conducts applied systems research, enhance collaboration and build capacity in health systems research for epidemic control. We bring together experts in field epidemiology and epidemic response, military experts, international law and risk science experts, and government and non-government agencies involved in epidemic response.
Quantum advances in science have outpaced our governance frameworks in areas such as cybersecurity and biosecurity, with revolutionary new tools and technologies equally able to benefit or harm humanity. Against a backdrop of global political instability and conflict, this accelerates the risk of war, terrorism, cyberattacks, bioterrorism, chemical, radiological and nuclear threats. In addition, disasters and forced displacement of people pose additional challenges which require an understanding of emergency response and disaster recovery.
is the centre of excellence of academic research in immunisation, based at the School of Public Health and Community Medicine (SPHCM), UNSW. Members of VIRL are recognised international leaders in immunisation and vaccinology research. VIRL largest area of strength is adult immunisation, with a focus on high risk and vulnerable populations. VIRL research expertise spans clinical trials, epidemiology, mathematical modelling, health economics, big data, data linkage, social and behavioural research as well as policy and evaluation. Members of VIRL conduct research, advocacy and teaching in immunisation and vaccine-preventable diseases and provide expert consultation in this area.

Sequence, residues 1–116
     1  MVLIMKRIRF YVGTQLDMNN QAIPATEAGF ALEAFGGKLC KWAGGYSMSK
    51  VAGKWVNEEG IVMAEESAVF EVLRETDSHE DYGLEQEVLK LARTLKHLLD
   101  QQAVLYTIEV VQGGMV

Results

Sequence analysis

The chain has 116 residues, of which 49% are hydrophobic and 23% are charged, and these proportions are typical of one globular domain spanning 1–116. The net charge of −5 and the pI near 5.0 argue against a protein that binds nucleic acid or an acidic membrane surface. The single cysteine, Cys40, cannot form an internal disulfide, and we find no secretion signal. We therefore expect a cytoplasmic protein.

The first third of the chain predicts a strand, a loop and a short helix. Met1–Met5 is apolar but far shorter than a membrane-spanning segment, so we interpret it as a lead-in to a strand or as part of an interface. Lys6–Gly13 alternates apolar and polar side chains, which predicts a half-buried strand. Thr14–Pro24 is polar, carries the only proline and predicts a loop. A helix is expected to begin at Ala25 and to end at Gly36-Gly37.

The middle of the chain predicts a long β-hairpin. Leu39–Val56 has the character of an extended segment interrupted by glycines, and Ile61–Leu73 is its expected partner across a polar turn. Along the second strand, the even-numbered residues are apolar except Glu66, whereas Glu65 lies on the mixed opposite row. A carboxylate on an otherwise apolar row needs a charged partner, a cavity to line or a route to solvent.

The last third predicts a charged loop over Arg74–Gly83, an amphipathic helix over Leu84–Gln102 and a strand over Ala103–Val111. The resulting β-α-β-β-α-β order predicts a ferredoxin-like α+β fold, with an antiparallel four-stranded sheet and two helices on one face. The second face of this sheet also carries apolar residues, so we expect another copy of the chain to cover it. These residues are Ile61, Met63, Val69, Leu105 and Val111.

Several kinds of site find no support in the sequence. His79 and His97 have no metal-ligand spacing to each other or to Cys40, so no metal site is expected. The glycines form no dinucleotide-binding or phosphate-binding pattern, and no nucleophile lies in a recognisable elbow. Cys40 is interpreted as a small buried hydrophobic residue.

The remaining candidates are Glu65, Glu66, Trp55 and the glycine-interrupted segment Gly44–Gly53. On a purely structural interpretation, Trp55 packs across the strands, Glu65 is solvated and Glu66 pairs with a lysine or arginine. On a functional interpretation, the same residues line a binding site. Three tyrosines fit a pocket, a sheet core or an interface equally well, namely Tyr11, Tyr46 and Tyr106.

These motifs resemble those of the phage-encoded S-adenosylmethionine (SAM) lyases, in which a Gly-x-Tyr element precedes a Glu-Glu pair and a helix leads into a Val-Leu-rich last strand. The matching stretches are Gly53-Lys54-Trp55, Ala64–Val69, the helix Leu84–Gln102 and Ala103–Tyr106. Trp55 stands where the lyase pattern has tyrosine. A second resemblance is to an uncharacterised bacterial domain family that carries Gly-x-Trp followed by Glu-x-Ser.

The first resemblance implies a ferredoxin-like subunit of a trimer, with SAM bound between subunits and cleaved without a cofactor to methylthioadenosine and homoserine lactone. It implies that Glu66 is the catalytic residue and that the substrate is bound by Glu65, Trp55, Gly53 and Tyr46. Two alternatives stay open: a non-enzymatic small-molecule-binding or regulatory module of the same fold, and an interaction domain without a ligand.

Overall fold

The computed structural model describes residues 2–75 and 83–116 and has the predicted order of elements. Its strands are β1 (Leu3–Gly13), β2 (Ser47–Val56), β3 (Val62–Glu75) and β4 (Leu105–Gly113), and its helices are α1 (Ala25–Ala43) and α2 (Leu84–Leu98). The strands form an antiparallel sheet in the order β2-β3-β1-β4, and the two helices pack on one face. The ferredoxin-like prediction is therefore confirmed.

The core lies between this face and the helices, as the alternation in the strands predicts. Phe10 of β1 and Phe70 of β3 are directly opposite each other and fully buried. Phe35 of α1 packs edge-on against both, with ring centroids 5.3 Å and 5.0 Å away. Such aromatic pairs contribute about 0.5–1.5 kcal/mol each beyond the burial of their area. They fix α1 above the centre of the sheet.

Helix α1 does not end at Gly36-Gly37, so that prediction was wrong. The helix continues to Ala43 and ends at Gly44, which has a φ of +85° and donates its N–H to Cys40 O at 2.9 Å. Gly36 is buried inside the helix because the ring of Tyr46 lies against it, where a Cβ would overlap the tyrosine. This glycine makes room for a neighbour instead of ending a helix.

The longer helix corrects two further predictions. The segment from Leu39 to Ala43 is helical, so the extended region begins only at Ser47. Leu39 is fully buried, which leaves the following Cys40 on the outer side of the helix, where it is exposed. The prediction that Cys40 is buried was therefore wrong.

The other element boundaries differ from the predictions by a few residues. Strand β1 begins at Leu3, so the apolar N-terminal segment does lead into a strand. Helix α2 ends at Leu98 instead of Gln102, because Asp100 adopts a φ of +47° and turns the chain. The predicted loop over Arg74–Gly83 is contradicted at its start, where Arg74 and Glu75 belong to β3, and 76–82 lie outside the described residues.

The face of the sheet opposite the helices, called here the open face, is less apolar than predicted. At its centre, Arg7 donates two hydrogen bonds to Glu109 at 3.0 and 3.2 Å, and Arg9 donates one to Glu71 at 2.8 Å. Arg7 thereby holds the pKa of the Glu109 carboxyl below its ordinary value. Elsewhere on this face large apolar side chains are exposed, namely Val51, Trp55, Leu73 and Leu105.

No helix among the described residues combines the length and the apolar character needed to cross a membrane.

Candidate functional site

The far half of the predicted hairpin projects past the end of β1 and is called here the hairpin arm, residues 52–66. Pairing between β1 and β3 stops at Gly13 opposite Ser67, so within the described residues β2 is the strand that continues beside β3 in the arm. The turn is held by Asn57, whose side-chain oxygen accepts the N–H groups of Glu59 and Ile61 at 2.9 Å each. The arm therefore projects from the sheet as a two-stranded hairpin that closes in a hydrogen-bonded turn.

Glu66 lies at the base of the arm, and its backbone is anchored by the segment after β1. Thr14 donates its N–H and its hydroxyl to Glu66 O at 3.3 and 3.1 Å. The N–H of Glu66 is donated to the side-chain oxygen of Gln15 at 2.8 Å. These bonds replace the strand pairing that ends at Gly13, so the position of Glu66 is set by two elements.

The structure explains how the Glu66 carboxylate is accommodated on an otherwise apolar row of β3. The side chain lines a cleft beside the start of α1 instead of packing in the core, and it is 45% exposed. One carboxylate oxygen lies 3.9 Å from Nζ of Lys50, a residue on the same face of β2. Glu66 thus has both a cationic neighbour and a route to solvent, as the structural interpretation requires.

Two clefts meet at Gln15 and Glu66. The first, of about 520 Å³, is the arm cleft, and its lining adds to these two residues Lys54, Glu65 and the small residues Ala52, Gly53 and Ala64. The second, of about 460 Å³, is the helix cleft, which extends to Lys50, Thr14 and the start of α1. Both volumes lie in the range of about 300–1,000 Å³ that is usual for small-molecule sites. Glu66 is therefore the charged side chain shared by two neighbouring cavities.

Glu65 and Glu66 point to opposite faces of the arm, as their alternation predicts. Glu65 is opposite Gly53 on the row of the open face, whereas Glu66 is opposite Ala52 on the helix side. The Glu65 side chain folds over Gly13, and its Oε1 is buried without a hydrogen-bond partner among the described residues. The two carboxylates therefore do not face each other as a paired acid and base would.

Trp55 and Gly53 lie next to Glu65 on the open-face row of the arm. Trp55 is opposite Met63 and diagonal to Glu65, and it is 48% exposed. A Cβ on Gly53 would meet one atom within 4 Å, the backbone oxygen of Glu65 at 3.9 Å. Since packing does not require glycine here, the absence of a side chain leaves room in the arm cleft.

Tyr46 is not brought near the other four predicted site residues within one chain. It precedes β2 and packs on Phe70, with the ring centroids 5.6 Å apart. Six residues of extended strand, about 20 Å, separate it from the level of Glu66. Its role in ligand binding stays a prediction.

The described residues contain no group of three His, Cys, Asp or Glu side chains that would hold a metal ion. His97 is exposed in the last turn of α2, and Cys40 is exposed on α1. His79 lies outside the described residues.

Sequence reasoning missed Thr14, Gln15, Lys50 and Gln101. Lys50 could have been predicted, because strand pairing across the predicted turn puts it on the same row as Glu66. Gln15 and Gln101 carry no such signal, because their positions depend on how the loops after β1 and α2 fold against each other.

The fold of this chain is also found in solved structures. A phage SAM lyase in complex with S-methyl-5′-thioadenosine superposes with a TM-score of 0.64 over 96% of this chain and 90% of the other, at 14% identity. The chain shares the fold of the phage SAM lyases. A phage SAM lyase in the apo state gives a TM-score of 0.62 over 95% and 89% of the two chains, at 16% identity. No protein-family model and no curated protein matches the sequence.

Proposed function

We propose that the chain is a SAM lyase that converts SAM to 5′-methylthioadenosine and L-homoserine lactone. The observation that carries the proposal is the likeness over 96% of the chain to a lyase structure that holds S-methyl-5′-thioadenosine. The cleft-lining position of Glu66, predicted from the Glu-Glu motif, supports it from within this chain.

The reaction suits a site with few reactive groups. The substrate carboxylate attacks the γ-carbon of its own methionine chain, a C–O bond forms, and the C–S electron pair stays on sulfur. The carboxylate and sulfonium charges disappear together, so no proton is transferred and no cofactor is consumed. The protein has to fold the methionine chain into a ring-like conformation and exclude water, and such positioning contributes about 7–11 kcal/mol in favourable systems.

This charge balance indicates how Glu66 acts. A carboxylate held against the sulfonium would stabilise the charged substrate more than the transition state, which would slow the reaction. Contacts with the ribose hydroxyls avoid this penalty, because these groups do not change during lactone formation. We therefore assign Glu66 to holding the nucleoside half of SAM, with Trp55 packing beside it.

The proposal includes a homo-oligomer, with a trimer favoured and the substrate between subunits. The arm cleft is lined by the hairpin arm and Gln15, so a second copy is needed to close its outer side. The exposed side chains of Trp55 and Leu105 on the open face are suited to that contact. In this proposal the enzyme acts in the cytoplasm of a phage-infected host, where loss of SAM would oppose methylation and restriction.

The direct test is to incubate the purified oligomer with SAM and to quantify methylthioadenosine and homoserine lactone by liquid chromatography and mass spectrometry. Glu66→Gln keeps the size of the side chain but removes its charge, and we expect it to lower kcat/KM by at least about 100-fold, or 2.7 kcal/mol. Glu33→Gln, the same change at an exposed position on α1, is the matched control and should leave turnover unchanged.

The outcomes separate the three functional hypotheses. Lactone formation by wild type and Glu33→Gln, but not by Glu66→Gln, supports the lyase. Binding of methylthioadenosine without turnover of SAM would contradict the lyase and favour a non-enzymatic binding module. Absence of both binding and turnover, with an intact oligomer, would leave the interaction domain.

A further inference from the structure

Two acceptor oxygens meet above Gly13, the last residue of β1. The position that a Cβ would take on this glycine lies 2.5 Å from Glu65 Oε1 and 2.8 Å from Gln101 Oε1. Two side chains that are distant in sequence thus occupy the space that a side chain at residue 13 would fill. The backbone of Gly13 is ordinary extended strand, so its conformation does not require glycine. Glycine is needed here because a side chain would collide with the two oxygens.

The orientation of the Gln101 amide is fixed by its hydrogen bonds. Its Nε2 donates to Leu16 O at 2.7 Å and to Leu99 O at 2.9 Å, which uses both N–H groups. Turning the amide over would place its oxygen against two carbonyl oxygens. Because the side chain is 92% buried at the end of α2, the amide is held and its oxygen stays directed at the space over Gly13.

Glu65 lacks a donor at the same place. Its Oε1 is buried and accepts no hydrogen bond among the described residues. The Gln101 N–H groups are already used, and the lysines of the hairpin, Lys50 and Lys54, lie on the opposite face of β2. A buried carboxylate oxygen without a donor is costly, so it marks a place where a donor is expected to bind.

As our understanding of biology and disease has increased, so has our ability to manipulate both, leading to serious concerns about protecting and maintaining public health. High risk biological agent events, epidemics and bioterrorism are issues we are increasingly facing in the 21st century.
The journal Global Biosecurity is a quarterly peer-reviewed, open access electronic journal for cross-disciplinary research in all aspects of human or animal epidemics, pandemics, biosecurity and bioterrorism including prevention, governance, detection, mitigation and response. We publish work on risk analysis, outbreak investigation, epidemiology, modelling, bioinformatics, phylogenetics, surveillance, intelligence, strategic foresight, forecasting, ‘One Health’, policy, governance, law, law enforcement, defense, ethics and first responder preparedness.
Professor Raina MacIntyre is NHMRC Principal Research Fellow, Professor of Global Biosecurity and PLuS Alliance Fellow. She heads the Biosecurity Program at the Kirby Institute, which conducts research in epidemiology, vaccinology, bioterrorism prevention, mathematical modelling, public health and clinical trials in infectious diseases. Her work falls under 4 areas:
1. Personal protective equipment
3. Epidemic response and emerging infectious diseases